The term emerging markets, also known as emerging economies, refers to countries that are not yet advanced economies, but have some of the features of a developed nation. Most emerging market nations are evolving rapidly both economically and politically.
The emerging markets are in between the low-income nations (frontier markets) and advanced economies.
For example, Mexico has a large industrial base, a literacy rate of 97% among its children (over 91% for adults), national and regional elections, and fairly sophisticated regulatory bodies. However, its income per capita is still lower than those of the advanced economies, but much higher than that of Nicaragua, Sudan and other low-income nations.
The emerging markets include much of Latin American, some African nations, all the former communist states, Turkey, India, China and some other countries in Asia. (Image: ventureburn.com)
The term was first used in 1981 at the International Finance Corporation when the group was promoting the first mutual fund investments in developing nations. It became even more popular after World Bank economist Antoine Van Agtmael used it in a report “FTSE Annual Country Classification Review.” He classified emerging markets into “advanced emerging” (those advancing really well) and “secondary emerging” (those advancing moderately well).
The four largest emerging markets are Brazil, Russia, India and China, i.e. the BRIC nations, followed by Mexico, Indonesia, Turkey, Saudi Arabia and Iran.
South Korea was considered as an emerging economy until recently. Economists today say it is now an advanced economy. South Korea’s income per capita is now higher than Spain’s, Portugal’s and Greece’s (three advanced economies).
Some people say the term is misleading, because there is no guarantee that a nation will shift from its present status to that of an advanced economy, although that is the general trend in the world. Some countries can, in fact, slip from more developed to less developed.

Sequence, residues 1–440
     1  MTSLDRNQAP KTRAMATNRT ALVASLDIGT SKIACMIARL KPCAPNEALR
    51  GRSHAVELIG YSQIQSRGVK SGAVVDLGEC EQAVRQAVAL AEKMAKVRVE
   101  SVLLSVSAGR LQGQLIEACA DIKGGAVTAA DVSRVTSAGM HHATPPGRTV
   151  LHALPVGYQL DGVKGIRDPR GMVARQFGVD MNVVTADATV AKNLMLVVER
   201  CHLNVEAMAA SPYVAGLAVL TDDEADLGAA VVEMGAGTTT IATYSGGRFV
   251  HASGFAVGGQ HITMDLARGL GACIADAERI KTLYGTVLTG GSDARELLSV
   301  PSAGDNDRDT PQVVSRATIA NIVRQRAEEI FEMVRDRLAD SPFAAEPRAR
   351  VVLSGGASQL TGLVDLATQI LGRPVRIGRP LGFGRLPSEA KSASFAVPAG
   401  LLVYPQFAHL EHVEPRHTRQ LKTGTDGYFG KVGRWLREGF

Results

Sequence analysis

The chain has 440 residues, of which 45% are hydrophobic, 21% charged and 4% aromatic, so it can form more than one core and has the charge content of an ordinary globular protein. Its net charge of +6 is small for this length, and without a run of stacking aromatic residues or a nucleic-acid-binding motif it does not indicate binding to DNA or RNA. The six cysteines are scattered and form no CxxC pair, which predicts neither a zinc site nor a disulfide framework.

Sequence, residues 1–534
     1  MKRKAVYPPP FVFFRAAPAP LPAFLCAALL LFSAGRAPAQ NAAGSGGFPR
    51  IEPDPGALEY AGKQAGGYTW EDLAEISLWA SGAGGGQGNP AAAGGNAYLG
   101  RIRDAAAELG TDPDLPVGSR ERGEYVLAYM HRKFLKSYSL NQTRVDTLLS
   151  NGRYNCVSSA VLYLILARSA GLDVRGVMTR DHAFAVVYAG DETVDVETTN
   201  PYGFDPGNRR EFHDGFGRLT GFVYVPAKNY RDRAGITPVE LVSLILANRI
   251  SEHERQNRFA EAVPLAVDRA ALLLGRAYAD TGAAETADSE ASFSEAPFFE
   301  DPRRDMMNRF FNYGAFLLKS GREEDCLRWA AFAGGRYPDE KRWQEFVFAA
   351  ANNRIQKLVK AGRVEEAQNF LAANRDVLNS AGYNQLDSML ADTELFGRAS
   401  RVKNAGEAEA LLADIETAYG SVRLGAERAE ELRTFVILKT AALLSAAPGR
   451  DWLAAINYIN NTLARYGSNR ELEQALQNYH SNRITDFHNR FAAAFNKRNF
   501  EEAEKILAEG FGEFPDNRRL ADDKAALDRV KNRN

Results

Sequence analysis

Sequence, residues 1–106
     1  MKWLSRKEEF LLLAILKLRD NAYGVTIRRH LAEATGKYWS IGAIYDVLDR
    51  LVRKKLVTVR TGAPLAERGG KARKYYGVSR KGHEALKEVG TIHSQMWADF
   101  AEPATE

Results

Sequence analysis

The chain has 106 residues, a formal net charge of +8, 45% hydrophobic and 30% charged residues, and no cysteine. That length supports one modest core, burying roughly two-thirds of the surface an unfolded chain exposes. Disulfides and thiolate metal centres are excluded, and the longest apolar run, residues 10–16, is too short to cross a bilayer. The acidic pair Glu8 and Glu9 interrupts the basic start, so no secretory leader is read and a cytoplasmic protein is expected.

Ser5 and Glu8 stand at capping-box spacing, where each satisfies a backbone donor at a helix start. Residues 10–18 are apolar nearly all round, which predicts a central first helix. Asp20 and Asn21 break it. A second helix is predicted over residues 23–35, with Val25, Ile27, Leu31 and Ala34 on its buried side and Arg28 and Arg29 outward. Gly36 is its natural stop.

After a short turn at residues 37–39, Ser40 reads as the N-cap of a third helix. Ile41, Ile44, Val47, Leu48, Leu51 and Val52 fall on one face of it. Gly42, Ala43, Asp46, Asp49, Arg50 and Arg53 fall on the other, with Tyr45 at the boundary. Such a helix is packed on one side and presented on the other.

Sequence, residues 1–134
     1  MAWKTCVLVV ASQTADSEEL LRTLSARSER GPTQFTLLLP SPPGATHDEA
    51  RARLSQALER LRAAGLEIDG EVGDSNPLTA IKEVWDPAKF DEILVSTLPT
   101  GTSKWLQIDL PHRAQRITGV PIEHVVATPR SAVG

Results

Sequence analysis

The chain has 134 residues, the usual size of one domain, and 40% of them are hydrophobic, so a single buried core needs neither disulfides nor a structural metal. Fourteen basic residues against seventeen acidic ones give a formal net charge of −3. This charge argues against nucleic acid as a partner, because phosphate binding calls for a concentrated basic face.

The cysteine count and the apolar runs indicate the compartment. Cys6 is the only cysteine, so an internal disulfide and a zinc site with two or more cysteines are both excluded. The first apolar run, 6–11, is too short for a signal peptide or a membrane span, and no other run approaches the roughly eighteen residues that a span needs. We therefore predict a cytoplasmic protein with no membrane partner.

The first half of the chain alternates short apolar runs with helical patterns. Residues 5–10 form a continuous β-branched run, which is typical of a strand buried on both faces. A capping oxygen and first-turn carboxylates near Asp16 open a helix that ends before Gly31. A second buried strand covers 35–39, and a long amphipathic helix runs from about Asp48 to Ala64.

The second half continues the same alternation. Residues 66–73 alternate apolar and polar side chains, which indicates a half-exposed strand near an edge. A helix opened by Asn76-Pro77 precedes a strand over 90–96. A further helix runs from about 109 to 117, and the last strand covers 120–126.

The FT Lexicon says the following about emerging markets:
“Emerging market is a term that investors use to describe a developing country, in which investment would be expected to achieve higher returns but be accompanied by greater risk. Global index providers sometimes include in this category relatively wealthy countries whose economies are still considered underdeveloped from a regulatory point of view.”
Investors and multinationals like emerging markets
Investors see emerging markets as places where investments are expected to achieve higher returns, but also come with greater risk.
Experts say emerging markets are good for investments because they are growing and urbanizing rapidly. They have young populations who aspire to consume as citizens in the rich nations do. Most of them have sound public finances without bloated welfare states.
Companies that operate in those markets are expected to increase profits and dividends rapidly.
Often, however, things do not go quite according to plan. In 2015, Russia and Brazil slid into serious recessions, while China slowed down considerably.
“Emerging markets are usually considered to be in a transitional phase toward developed-market (i.e., industrialized) status and in the process of building liquid equity, debt and foreign-exchange markets. Over the last twenty years emerging markets have increasingly formed a greater part of investment strategies globally.”
When the emerging markets are doing well, they are the main recipients of ‘hot money’, funds that move from one country to another rapidly by investors who want a better yield.
Video – Will emerging markets make a comeback?
In this Financial Times video, James Mackintosh discusses whether emerging markets are down and out or showing glimmers of hope.